Saturday, April 13, 2013

Now Available Everywhere

Are you a Baby Boomer Caregiver? Are you being cared for by your adult children?

We 3 is a collection of stories – sometimes touching, sometimes hilarious, always authentic – about a baby boomer caring for her aging parents.

“There are many audiences for books of this type. People will read Ms. Snyder's work for: comfort from the feeling of aging, reflection of family closeness, to cope with caring for a loved one, and so much more.” – Travis Adams Irish

“I recommend this book! Theresa's collection of essays on living with her parents as their adult caregiver shed light on the ups and downs of re-combining the family unit after years spent apart.” – JKMohr

“The stories are charming, funny, thoughtful and informative for many of us who have, or will, taken care of our aging family.” – Marsha A. Schauer

Available Everywhere - See links above under the Header

Saturday, September 17, 2011

We 3 - The End

It has been almost exactly three years since I wrote the last article for the Gresham Outlook, which you just read on my previous post.

Mother had her ups and downs during those three years. We had days when we celebrated with tea parties and days when she just didn’t even want to get out of her chair.

Her short term memory grew worse and worse, which was good in a way. She would announce in the morning that she was not having a good day, but by afternoon she would say she felt the best she had in ages. She would have forgotten her proclamation from the morning.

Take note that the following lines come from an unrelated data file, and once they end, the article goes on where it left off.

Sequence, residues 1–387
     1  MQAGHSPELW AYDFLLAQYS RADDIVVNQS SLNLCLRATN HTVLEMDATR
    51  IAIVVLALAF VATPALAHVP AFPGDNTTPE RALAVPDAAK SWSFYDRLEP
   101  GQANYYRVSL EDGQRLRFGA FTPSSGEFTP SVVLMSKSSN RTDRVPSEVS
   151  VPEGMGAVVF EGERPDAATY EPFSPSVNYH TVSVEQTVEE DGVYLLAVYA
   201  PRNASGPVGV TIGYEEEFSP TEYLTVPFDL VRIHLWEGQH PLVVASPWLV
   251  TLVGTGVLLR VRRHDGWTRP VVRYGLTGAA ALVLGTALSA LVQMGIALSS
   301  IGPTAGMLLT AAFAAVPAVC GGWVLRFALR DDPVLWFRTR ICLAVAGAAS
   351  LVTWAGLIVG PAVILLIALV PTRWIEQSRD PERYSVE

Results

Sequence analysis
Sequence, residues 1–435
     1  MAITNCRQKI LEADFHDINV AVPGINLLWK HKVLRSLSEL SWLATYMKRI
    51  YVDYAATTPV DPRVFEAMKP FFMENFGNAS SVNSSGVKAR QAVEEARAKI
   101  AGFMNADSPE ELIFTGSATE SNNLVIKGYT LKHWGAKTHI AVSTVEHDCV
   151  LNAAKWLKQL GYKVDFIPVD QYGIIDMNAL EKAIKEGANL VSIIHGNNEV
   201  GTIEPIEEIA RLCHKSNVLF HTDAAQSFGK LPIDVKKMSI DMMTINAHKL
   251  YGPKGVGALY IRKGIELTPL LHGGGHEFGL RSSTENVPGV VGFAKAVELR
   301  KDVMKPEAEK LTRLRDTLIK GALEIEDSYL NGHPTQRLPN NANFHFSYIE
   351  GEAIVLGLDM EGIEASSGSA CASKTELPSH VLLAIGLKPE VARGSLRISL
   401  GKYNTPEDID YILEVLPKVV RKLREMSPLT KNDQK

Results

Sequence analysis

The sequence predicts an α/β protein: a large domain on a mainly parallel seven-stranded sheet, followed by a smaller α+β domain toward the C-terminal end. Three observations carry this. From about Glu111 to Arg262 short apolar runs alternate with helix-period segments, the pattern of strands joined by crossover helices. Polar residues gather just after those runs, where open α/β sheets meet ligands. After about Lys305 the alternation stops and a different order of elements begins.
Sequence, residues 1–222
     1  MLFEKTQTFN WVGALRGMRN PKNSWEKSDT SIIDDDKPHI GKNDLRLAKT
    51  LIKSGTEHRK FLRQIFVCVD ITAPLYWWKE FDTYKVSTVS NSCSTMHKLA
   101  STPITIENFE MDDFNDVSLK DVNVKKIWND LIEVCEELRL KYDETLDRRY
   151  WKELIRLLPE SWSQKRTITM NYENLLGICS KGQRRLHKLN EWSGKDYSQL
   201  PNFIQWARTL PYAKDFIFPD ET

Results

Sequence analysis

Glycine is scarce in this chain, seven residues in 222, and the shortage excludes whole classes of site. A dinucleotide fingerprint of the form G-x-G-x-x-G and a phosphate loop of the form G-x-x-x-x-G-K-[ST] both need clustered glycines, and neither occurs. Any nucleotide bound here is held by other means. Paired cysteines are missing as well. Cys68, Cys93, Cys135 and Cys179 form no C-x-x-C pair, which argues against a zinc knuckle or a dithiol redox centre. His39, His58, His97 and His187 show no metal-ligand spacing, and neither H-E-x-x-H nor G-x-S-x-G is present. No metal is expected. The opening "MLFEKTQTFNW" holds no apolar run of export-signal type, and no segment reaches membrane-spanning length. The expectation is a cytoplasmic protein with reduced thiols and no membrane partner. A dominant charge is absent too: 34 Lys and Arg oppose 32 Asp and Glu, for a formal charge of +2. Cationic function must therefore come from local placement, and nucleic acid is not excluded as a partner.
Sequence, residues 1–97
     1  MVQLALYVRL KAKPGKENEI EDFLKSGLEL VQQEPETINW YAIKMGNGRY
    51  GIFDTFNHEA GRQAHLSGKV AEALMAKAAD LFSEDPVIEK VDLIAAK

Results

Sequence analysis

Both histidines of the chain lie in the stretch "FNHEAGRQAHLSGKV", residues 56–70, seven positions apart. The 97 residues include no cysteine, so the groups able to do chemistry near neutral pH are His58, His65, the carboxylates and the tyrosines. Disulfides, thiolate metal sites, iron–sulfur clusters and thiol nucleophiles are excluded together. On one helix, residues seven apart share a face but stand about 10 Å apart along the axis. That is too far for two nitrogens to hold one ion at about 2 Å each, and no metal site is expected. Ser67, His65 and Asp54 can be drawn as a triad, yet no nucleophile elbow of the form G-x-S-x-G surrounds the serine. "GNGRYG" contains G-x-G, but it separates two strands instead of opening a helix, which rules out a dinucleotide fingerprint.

Six months ago she started to obsess about whether dad and I were home and if not, where we were. It became increasingly difficult to get out of her sight. I couldn’t leave her presence without her calling out or asking dad repeatedly where I was. When we sat with her, she repeated herself so often that it was near to impossible to carry on a conversation with her. She had difficulty following a conversation from beginning to end. So, my writing fell by the wayside as my mother’s needs increased.

She repeatedly stated on her ‘bad’ days that she was tired and wished she would just go to sleep and not wake up. She didn’t want to be a burden to us. I had been told you needed to give the elder person assurances that they could go and you would be alright. I told her she was not a burden and she should not think of leaving us because of that, but if she wanted to go that I would take care of dad for her and it would be okay.

We had established an extended family with Terry, mom’s day care giver, and all the lovely folks from Hospice Care of the NW. 

Tuesday, March 29, 2011 mother would have been on hospice for three years. We were going to have a party. The hospice folks were going to give her a trophy for being with them the longest of any patient.
She became ill the Sunday prior to that date and passed on April 2, 2011. She left as she had wanted, in her sleep with all her loved ones at her side.

I hope you will join Dad and me as I continue to relate the challenges of living on without mom in “Between 2.” The site can be found on my main site,, under “My non-fiction site.”

The following is the article I wrote for the Gresham Outlook announcing her death, published April 5, 2011.

Carl Jung wrote: “There are as many nights as days, and the one is just as long as the other in the year’s course. Even a happy life cannot be without a measure of darkness, and the word ‘happy’ would lose its meaning if it was not balanced by sadness.”

Mother passed away this past weekend.